This month of October, in the midst of so much uncertainty, we turn to our Mother and Queen and implore her intercession. According to the following reflection by Father Kentenich, the Rosary is not only an opportunity to pray through Mary’s intercession, but also a chance to grow in likeness to Mary–especially in her obedience to God.
Words from Father Kentenich about the Rosary:
Mary is endlessly great. The saints tell us that when God was about to create mary and to design a plan for her, he create her in an ecstasy. That is why Mary became a unique masterpiece of his power, wisdom, and kindness. Mary is enlessly great like the ocean. We stand at the shore. Before us lies the immense expanse of the ocean. We can see the other shore when we look across a river, for example, the Rhine. We can see the other shore. But we cannot look across the seas. They, too, have a shore far beyond, but the surging and swelling waves stretch endlessly; we cannot look across. Similarly, so the saints tell us, Mary is not infinitely great like God, but endlessly great like the ocean. God lavished his power, wisdom, and love on Mary. She is a whole world to herself, very close to the Triune God.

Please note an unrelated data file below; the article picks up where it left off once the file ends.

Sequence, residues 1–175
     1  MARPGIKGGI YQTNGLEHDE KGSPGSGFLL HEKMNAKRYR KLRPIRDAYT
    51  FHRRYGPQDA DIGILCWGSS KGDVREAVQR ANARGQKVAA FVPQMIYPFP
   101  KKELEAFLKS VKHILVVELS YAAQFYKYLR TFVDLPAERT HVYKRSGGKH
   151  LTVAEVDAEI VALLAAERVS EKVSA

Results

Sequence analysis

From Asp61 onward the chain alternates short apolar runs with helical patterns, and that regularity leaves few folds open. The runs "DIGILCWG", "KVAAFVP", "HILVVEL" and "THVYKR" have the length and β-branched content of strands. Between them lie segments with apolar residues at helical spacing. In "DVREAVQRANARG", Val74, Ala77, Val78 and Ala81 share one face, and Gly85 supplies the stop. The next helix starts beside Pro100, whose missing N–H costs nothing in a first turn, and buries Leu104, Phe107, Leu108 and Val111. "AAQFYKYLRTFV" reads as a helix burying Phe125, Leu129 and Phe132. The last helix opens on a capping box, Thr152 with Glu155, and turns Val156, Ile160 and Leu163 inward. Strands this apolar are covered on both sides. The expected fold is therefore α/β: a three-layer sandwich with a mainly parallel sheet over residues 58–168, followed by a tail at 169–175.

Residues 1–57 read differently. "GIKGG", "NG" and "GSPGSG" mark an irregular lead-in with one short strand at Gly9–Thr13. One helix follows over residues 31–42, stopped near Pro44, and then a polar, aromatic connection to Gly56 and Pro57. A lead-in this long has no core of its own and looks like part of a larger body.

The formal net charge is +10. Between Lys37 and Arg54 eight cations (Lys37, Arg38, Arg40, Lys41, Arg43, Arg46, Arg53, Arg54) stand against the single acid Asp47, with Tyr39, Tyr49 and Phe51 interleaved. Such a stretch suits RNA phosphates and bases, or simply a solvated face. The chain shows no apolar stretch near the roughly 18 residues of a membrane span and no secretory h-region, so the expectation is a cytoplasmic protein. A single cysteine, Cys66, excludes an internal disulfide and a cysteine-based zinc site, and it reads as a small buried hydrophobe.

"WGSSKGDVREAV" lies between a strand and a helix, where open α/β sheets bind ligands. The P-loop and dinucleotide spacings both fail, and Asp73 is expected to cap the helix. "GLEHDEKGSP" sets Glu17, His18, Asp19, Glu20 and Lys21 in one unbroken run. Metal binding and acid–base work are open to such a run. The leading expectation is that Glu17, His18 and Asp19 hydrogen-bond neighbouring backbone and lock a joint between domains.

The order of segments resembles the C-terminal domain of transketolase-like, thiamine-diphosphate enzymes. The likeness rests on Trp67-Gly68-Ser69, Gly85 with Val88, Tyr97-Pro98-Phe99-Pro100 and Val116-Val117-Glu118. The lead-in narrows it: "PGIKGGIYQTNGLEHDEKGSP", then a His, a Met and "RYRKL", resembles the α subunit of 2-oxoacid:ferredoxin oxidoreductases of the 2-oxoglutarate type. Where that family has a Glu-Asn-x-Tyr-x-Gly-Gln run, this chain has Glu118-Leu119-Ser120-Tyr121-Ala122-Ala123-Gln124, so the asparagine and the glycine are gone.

Through the Rosary we grow in likeness to Mary. In our soul is the urge for greatness. Through the Rosary we become apparitions of Mary. If we have remained noble and have retained a sense of purity, then we begin to pray before the sun image of Marian greatness and glory: Mary, I would like to become like you. Oh, if only I were like you. Oh, if only I were you.
Mary is the sun-image of human, of womanly, in fact of creaturely dignity. When we see her, we must feel the urge awaken in us: “Mother if only I were like you.” No one of us is foolhardy enough to think that we will come to resemble Mary completely when we pray the Rosary often with devotion. True, the Rosary makes us apparitions of Mary, but apparitions of Mary on a small scale. The Rosary makes us a shadowy reflection of Mary’s glory… Let us never forget that the Rosary wants to and can make us a wonder of wonders on a small scale…
Father Joseph Kentenich, May 1945.